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Rivista di Chirurgia
Indexed/Abstracted in: EMBASE, PubMed/MEDLINE, Science Citation Index Expanded (SciSearch), Scopus
Impact Factor 0,877
Minerva Chirurgica 2014 October;69(5):245-52
Anastomotic leakage following colorectal resection for cancer: how to define, manage and treat it
Basilico V. 1, Griffa B. 1, Radaelli F. 2, Zanardo M. 1, Rossi F. 3, Caizzone A. 4, Vannelli A. 1 ✉
1 Division of Gastrointestinal and Surgical Oncology, Ospedale Valduce, Como, Italy;
2 Gastroenterology Unit, Ospedale Valduce, Como, Italy;
3 Unit of Surgery 1, Ospedale di Circolo Fondazione Macchi, Varese, Italy;
4 Department of Surgery, University of Messina, Messina, Italy
AIM: Aim of the study was to report the experience of a single center in the surgical treatment of anastomotic leak after colorectal resection for cancer, focusing on its incidence, diagnosis and management, with particular attention to surgical options.
METHODS: Demograhic and clinical data from 1284 consecutive patients operated on for colorectal cancer during a period of 11 years, were prospectively collected and inserted into an electronic database. For the purpose of the study, only patients in whom an anastomosis was performed were considered. Therefore, 128 patients (9.9%) were excluded and 1156 represent the study population. All complications occurring after surgery were systematically recorded. The incidence of colorectal anastomotic leak (CAL), its management and outcome was analyzed.
RESULTS: An ileo-colic anastomosis was performed in 426 cases (36.8%), ileo-rectal in 29 (2.5%), colo-colic in 409 (35.4), colo-rectal with partial mesorectal excision in 211 (18.3%) and lower colorectal or coloanal anastomosis with total mesorectal excision and temporary loop ileostomy in 81 (7%). Colorectal anastomotic leak occurred in 78/1156 patients (6.7%), accounting for 19% of overall complications. Thirty-six out of 78 patients (46.2%) were successfully treated conservatively, whereas 42 (53.8%) underwent re-operation. Nine out of 78 patients (11.5%) with CAL died owing to an uncontrolled sepsis. All had undergone previous re-intervention, with a post-operative mortality rate of 21.4% (9 out of 42).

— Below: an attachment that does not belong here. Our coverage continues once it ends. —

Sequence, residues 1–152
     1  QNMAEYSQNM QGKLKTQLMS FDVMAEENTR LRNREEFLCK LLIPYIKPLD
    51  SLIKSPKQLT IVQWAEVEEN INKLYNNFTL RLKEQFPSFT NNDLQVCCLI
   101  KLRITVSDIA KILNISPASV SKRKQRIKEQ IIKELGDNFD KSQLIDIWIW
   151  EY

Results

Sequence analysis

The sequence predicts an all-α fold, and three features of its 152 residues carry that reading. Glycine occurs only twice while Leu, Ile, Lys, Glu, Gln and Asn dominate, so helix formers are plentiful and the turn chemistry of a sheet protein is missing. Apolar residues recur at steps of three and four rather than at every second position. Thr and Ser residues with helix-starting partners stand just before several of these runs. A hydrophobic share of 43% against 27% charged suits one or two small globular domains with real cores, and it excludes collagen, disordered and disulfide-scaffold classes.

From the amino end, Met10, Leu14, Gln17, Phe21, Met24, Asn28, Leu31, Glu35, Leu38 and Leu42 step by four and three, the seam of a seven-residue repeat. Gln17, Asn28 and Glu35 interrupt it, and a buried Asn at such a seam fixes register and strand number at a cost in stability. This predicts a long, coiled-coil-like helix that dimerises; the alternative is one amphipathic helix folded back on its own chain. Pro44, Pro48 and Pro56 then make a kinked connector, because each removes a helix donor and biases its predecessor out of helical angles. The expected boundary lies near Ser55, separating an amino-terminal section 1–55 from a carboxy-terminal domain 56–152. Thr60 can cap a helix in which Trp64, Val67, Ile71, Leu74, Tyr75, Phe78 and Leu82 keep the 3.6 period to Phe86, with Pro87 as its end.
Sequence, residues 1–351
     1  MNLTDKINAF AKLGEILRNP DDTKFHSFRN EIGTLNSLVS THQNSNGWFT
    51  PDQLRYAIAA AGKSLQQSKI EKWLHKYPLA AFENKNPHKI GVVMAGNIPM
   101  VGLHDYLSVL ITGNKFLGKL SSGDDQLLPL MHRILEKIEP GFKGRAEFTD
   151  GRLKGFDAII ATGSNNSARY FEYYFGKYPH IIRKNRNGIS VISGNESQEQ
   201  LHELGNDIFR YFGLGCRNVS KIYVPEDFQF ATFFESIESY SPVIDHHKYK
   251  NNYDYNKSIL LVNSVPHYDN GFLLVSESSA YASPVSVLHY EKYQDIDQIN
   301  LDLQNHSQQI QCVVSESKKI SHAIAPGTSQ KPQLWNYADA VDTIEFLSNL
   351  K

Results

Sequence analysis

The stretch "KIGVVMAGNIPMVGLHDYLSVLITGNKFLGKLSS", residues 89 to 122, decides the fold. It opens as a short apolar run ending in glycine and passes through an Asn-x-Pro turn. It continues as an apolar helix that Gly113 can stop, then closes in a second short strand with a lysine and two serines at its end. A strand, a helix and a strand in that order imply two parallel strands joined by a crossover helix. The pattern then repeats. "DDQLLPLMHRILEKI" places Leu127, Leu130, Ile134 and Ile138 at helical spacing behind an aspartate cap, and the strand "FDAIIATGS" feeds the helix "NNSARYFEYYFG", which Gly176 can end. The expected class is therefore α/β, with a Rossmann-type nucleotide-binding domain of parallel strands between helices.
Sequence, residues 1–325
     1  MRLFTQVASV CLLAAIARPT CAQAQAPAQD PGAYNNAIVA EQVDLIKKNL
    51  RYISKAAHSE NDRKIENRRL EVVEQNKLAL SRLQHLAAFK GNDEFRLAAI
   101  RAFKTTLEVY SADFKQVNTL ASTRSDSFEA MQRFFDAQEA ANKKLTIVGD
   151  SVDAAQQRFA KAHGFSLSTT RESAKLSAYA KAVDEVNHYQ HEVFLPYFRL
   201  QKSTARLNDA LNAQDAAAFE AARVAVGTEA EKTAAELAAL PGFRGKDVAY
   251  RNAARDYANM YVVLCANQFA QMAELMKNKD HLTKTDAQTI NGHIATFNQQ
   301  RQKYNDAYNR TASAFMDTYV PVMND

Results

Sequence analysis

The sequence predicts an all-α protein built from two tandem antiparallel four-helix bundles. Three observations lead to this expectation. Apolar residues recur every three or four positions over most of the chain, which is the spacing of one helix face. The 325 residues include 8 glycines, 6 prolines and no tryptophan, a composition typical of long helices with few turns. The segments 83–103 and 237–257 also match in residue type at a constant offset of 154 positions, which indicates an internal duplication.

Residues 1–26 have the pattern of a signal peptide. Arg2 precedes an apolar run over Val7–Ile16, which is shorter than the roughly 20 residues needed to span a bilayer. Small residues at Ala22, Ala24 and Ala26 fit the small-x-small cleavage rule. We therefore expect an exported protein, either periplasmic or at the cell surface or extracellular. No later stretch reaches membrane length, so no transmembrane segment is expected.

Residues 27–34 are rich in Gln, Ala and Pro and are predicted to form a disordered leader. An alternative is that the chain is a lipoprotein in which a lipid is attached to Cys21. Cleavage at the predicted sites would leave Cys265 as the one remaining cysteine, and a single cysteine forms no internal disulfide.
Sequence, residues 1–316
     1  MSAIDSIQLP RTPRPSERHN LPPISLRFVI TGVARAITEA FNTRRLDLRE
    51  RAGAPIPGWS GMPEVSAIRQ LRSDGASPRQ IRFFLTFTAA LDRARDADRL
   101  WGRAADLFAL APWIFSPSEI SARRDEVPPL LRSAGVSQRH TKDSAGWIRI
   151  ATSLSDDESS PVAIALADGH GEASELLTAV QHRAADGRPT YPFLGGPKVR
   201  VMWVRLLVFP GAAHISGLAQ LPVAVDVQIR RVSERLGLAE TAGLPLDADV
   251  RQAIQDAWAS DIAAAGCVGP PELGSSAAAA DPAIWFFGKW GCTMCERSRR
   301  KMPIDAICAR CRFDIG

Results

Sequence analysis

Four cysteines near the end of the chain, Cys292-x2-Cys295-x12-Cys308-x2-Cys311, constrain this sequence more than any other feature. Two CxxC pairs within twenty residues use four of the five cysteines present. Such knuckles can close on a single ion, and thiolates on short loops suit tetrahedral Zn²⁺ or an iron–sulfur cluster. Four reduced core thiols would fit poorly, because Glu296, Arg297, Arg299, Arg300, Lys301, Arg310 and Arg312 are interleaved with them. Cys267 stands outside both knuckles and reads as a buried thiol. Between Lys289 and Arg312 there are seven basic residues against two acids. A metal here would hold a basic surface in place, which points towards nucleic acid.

CONCLUSION: Mortality rate in patients undergoing re-operation for colorectal anastomotic leakeage is still high, and accounts for up to 40% of the deaths after colorectal resection for cancer. In the light of these data, strategic clinical decisions are mandatory to optimize the selection of patients who need an early and fast surgical approach. What does this paper add to the literature? Systematic and prospective data recording is an essential tool to assess the quality of healthcare and to plan quality improvement programs. Every effort should be done to reach an early diagnosis of CAL, possibly in a pre-clinical phase in which non clinical methods could be used to predict it.